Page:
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Ergebnisanzeige "GSA 2015: Writing Nature - Nature Writing"
|Ressourcentyp||Call for Papers|
|Titel||GSA 2015: Writing Nature - Nature Writing|
|Beschreibung||Call for Papers
German Studies Association 39th Annual Convention
Washington, D.C., October 1-4, 2015
Panel: Trends in 21st-Century Literature (3): Writing Nature - Nature Writing
The panel “Writing Nature - Nature Writing” forms part of the series „Trends in 21st-Century Literature“. The series seeks to identify current developments in German literature and culture from three major perspectives: society, nature, and the body.
Representations of nature, landscape and scenery feature prominently in recent German literature. Most of these representations come as parts of a travelogue and outline a character’s (resp. narrator’s) impressions of nature on a voyage. They are often juxtaposed with scientific entries on nature: More than a century after explorers and geographers had filled the last white spots on the world’s map, writers are following in their tracks on a poetic discovery of the globe. They attempt to find what from their point of view has been left aside by their predecessors: The overwhelming effect ‘pure’ nature can have on the individual.
In this way, poetic perceptions of nature are deeply linked to questions of epistemology. As something remote and untouched, nature is expected to offer ‘immediacy’ - whereas theories often argue that even ‘pure’ nature is culturally constructed. These theories are confronted by a self-reflective mode of writing, stating that writing and nature do not differ categorically. As texts of Raoul Schrott or Christoph Ransmayr emphasize, scripture is already part of nature. Thus, (re)transforming nature into (poetic) writing does not intend to create something to be differentiated from the realm of nature, but something of the same epistemological quality: Nature and poetry are both objects of aesthetic comprehension.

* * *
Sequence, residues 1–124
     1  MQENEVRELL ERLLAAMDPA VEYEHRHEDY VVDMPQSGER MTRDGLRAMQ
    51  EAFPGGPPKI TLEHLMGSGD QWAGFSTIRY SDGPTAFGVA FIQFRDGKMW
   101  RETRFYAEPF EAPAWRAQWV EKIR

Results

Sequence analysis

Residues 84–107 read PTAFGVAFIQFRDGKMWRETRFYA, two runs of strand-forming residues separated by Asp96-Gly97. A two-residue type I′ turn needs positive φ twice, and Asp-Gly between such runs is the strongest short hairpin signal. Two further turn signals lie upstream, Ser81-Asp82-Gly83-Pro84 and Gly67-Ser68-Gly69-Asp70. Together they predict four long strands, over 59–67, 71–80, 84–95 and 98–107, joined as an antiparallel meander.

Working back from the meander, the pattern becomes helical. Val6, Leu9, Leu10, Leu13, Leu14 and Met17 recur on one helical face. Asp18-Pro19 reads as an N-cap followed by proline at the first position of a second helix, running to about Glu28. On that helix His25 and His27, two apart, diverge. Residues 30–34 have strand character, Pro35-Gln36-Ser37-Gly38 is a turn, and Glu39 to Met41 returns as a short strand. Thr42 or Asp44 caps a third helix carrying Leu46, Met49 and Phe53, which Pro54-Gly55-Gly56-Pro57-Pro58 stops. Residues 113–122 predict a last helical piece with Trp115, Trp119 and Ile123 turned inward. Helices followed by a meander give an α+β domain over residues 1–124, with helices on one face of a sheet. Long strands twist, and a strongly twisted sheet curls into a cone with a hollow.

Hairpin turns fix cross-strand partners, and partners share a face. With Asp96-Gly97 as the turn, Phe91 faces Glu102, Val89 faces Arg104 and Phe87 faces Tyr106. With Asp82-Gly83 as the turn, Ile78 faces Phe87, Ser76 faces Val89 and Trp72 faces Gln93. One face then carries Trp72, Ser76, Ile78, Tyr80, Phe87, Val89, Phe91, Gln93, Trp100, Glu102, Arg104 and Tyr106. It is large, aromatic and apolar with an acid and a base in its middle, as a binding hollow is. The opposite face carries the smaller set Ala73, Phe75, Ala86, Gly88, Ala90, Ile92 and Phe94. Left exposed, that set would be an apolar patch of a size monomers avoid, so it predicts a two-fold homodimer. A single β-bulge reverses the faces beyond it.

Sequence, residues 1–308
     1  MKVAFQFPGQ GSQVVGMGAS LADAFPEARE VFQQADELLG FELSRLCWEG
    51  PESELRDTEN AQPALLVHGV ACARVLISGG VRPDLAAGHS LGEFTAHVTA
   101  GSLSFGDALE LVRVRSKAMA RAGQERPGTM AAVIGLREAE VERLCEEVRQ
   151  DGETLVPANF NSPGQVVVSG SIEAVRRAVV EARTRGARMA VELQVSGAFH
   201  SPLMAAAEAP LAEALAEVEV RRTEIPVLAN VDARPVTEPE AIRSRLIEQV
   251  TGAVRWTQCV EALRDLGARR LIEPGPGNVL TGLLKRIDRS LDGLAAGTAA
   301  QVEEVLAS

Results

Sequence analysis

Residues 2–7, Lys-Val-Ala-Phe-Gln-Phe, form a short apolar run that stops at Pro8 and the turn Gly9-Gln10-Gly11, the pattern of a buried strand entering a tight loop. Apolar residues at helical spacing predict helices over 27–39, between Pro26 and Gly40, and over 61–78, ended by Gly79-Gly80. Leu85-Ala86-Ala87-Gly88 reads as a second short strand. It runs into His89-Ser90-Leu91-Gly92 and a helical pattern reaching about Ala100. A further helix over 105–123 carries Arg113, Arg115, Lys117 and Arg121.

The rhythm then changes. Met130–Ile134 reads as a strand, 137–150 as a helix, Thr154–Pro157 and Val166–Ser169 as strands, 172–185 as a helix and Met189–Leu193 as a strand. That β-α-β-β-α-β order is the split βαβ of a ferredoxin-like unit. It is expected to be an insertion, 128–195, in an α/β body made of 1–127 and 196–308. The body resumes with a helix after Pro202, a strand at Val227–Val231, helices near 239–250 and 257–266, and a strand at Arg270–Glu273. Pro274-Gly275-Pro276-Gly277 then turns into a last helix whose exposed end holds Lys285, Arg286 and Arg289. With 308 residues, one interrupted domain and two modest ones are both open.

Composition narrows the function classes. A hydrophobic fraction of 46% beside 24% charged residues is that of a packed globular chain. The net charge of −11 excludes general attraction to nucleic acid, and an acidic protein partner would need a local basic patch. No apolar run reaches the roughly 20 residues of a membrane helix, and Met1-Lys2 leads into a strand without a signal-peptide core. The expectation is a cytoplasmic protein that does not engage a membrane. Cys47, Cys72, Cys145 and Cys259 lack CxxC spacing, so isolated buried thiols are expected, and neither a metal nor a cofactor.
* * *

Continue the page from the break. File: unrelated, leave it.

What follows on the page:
At the same time, nature is regarded as highly vulnerable and threatened by urbanization and industrialization. In this sense, encounters with nature can also take place in urban or industrial settings where nature itself is lost or only present in marginalized remainders.
Both the epistemological and the ecological dimensions emphasize the current dichotomy of ‘nature’ and ‘culture’ and the role literature plays therein. Paper topics may include but are not limited to:
- Perceptions of nature as self-discovery (e.g. Ransmayr)
- Nature and the limits of science (e.g. Kehlmann)
- Nature and travel: The foreign and the familiar (e.g. Stangl)
- Post-colonial nature writings (e.g. Trojanow)
- Radical scenery: oceans, islands, deserts, mountains (e.g. Schrott)
The series “Trends in 21st-Century Literature” also features the panels “Writing the Social”, organized by Prof. Dr. Paul Michael Lützeler (University of Washington, St. Louis) and “Body Poetics and Virtual Worlds”, organized by Dr. Nicole Sütterlin (Harvard University).
We welcome proposals in English and in German. Please send
120-word abstracts and short bio to Dr. Leonhard Herrmann, Universität Leipzig (firstname.lastname@example.org) by January 16, 2015
|Quelle der Beschreibung||Information des Anbieters|
|Person||Name: Dr. Leonhard Herrmann
Funktion: wissenschaftlicher Mitarbeiter
|Kontaktdaten||Name/Institution: Universität Leipzig
Strasse/Postfach: Beethovenstraße 15
|Schlüsselbegriffe||Literaturwissenschaft; Erzähltheorie; Komparatistik (Kulturvergleich, Interkulturelle Literaturwissenschaft); Literatur nach 1945; Literatur- u. Kulturgeschichte; Motiv- u. Stoffgeschichte|
|Klassifikation||19.00.00 1990 bis zur Gegenwart; 19.00.00 1990 bis zur Gegenwart > 19.09.00 Stoffe. Motive. Themen|
|Ein Angebot von|
|URL dieses Wer-Was-Wo-Datensatzes||http://www.germanistik-im-netz.de/wer-was-wo/43537|